finance money rich fan

FYI, Your Financial Status Doesn’t Determine Whether You’re A Real Fan

It's not all about the money, money, money.

Stanning comes in many forms and it doesn’t make you any less of a fan if you can’t afford everything your fave releases.

Related: 6 Red Flags Every Stan Should Avoid

If you’ve been on Pinoy stan Twitter recently, then you’ve probably seen the discourse regarding BINI and what it means to be a real fan when it comes to buying their merch. Admittedly, there is a point to be made about consuming pirated material about your fave, especially when it comes to depriving income from the right people. This mindset though ignores a common fact in all forms of fandomthat being a fan today is not cheap. Money makes the world go round, including being a fan. But your income status is not the determiner of what makes a real fan. 


Pop quiz: name at least three things every fan does. If you said things like buy albums, attend events, go to concerts, or watch movies, then you aren’t alone. The basic tenets of being a fan means consuming anything related to whatever your object of admiration is. Often, these activities are fun and enjoyable. You’re a fan, after all. But these activities and pillars of what it means to be a fan also revolve around the fact that they cost money. You see it all the time with how fans, for example, save up money for a concert ticket to their fave or their newest album drop.

From concert and movie tickets to lightsticks, albums, streaming services, merch, and more, the barrier to entry for any fandom is usually money. These material products are what many associate with what it means to be a fan and money is what helps you access those things. 


This is why it’s not uncommon to find people saying that you have to be rich to be a fan, or at least, have a lot of disposable income. And when you don’t have the newest album or haven’t seen the latest movie, the FOMO sets in with the lack of physical access. Keeping up the spectacle of fandom is not easy, especially in this economy where everything is more expensive. The price associated with being a fan adds up.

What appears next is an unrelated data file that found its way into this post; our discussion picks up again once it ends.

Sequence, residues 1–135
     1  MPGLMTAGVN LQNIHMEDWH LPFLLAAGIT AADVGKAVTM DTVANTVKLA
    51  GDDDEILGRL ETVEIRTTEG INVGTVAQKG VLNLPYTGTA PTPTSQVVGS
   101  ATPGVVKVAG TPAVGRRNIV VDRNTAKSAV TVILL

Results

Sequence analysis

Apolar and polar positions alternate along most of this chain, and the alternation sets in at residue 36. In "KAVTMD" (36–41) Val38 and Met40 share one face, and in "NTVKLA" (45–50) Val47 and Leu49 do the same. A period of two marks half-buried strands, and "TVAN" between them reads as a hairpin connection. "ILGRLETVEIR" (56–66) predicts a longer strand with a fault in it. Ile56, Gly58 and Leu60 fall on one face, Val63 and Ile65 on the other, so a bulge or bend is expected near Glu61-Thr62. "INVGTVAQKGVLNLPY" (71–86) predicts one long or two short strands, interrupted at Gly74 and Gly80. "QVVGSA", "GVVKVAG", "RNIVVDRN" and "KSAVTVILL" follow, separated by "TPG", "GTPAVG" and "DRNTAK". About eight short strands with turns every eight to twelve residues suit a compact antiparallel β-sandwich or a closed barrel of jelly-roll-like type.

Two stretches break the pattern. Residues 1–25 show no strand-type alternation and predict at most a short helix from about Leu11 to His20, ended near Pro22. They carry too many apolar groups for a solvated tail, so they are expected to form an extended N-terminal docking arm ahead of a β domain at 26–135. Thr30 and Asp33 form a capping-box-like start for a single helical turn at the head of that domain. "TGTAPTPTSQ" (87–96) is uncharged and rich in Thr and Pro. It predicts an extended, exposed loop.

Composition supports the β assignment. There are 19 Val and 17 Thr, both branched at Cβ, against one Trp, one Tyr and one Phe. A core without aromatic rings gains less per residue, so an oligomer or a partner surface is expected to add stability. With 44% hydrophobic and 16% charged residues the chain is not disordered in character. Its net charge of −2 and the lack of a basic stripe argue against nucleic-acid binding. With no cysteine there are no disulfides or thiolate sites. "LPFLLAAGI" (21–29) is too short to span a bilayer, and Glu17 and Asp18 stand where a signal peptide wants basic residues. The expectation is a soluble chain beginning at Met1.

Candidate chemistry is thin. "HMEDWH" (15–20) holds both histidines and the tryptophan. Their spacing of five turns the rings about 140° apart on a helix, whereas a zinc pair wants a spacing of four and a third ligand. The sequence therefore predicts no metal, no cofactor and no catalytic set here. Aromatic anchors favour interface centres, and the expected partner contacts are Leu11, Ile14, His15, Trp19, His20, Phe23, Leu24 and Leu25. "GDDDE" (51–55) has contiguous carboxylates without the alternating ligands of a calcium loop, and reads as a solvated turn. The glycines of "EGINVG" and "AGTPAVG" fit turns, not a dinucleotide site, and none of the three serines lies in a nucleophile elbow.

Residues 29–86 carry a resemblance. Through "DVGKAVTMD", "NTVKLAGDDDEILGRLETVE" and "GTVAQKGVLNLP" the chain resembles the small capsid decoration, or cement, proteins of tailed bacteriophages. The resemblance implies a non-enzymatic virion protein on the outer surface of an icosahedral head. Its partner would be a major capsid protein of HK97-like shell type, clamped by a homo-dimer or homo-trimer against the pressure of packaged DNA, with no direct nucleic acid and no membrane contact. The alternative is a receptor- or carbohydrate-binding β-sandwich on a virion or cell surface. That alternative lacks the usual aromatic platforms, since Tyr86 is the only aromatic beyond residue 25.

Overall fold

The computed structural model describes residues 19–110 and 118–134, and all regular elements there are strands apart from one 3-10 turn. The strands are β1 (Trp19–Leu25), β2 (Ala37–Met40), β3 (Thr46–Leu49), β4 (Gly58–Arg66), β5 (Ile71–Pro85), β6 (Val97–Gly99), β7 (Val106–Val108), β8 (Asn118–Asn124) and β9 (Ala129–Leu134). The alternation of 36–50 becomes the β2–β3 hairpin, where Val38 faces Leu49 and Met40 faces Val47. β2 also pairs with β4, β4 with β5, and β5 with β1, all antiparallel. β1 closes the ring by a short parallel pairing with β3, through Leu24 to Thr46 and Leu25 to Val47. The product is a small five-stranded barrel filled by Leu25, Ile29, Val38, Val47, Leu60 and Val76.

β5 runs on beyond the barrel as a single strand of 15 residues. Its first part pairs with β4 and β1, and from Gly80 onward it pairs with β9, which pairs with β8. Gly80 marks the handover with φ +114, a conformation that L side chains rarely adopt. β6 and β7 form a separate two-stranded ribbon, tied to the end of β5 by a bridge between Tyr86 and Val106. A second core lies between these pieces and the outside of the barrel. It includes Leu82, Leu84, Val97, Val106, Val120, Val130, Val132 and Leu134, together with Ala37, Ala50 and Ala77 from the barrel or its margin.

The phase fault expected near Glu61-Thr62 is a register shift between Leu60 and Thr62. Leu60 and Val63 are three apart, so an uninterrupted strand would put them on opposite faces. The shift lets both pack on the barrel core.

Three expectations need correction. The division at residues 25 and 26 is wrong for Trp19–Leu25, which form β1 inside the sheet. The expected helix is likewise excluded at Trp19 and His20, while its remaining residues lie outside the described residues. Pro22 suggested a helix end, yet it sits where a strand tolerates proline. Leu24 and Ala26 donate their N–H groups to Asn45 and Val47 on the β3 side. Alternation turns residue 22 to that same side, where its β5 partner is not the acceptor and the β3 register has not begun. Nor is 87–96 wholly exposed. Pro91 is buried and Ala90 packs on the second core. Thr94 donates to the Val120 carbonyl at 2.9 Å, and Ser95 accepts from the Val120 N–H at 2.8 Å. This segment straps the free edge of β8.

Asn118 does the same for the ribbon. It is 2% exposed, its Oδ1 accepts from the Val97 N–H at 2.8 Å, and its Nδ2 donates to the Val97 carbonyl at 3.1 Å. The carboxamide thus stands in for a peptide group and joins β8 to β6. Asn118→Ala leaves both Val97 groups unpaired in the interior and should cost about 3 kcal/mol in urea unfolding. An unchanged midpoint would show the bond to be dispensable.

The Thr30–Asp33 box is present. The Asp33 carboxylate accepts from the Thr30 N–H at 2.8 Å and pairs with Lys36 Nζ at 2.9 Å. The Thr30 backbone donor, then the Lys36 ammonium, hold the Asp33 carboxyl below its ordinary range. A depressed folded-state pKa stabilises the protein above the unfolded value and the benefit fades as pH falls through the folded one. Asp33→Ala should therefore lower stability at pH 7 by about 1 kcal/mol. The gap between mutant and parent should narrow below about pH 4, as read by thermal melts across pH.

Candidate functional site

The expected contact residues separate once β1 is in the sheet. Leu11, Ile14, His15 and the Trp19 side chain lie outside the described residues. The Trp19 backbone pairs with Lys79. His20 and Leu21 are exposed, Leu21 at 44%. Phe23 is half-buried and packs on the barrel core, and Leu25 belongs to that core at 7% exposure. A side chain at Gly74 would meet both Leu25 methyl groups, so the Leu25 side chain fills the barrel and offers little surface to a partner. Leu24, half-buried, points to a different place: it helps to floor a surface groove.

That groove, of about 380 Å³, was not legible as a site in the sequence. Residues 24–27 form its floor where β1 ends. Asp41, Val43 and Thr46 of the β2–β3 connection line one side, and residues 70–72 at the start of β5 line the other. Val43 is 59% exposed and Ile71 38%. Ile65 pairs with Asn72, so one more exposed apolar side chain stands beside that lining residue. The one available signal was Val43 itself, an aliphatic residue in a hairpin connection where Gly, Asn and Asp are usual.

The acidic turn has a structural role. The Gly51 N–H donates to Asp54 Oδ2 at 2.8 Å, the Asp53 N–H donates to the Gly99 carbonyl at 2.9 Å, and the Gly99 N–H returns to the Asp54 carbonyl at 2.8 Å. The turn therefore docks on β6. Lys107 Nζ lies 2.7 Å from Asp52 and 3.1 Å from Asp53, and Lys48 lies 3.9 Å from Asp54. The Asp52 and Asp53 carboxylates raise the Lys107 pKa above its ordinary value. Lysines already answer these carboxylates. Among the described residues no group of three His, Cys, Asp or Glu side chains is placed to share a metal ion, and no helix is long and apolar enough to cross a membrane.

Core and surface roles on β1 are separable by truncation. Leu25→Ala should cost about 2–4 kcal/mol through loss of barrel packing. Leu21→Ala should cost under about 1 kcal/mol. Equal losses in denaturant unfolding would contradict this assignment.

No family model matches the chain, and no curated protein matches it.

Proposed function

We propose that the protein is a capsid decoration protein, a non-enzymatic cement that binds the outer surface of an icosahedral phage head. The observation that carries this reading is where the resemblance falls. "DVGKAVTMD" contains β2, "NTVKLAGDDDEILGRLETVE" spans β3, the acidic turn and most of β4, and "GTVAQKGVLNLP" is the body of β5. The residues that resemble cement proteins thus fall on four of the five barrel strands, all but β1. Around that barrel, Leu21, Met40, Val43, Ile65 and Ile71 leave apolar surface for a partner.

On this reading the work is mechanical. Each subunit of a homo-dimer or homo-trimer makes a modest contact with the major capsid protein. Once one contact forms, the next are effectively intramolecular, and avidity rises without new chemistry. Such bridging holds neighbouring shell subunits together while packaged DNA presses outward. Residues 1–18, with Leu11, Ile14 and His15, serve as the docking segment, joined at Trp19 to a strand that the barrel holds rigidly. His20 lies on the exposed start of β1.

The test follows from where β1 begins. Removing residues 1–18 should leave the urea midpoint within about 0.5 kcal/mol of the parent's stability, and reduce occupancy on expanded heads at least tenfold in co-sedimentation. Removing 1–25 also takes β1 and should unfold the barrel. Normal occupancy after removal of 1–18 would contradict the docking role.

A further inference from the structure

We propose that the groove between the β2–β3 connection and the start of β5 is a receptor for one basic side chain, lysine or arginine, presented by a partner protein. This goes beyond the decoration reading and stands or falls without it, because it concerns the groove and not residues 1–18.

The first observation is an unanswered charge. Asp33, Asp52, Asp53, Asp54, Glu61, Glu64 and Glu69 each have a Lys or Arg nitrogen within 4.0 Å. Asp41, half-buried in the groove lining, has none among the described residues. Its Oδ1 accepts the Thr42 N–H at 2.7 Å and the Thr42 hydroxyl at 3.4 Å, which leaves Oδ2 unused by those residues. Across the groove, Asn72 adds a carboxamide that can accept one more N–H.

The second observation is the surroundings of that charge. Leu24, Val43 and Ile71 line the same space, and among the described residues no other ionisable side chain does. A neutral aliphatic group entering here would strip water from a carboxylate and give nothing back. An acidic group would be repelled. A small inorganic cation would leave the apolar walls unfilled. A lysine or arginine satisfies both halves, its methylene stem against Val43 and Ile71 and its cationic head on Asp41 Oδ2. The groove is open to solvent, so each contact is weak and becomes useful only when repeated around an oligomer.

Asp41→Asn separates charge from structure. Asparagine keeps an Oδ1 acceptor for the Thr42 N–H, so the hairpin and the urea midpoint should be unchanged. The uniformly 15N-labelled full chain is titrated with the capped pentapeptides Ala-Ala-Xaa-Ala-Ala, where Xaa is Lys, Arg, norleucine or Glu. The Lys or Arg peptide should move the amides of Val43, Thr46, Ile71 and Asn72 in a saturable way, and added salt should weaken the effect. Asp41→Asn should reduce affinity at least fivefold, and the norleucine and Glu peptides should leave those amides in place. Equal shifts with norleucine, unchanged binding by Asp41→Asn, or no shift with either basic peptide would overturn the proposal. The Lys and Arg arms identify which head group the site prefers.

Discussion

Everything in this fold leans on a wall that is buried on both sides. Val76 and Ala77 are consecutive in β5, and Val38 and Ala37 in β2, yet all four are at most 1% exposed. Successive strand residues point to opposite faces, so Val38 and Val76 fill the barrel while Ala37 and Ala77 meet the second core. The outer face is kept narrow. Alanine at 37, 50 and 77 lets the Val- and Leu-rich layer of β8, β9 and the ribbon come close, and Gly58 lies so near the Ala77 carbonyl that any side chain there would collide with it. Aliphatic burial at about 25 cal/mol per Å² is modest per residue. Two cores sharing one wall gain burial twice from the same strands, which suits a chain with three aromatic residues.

Rising costs mean being a fan becomes less attainable for many. Not only does this limit accessibility, but it also views fandom through a consumer mindset that is based on what you spend and not your passion. 


Obviously, as fans, we want to support our faves in what they do. But the reality is that not everyone has that kind of income to buy every single thing out there. And guess what? That’s alright. Spending money on your favorite media should be something you do because you enjoy it, not because you want to reach an arbitrary standard of what it means to be a fan. Fandom shouldn’t be determined by the money you spend because income ends up being the gatekeeper whether someone is allowed to stan or not, and that should never be the case.

Just because you don’t go to all the concerts or have all the photocards doesn’t make you any less of a fan than those who do. Fandom shouldn’t be reduced to a competition of who has the most items. There’s no points system here. Fandom should be rooted in interest and something more personal.  


You are a fan because you like that artist, not because you want to turn owning their merch into a personality trait. Viewing someone’s worth as a fan through the lens of materialism is just not it. The reality is that not everyone has the funds to shell out money, so people express their support to their fave in their own way, and that’s ok. 

There should be no shame in not being able to keep up with all the drops. As long as you stay true to what being a fan means to you and the stanning is grounded in authenticity, then you’re still a fan. What is important is you appreciate the experience, make connections with fellow fans, and find that genuine joy in your fandom. So, stop worrying that you can’t afford their concert ticket or have to buy fake merch because you can’t afford the official collection. There’s more to being a fan than the size of your bank account.  

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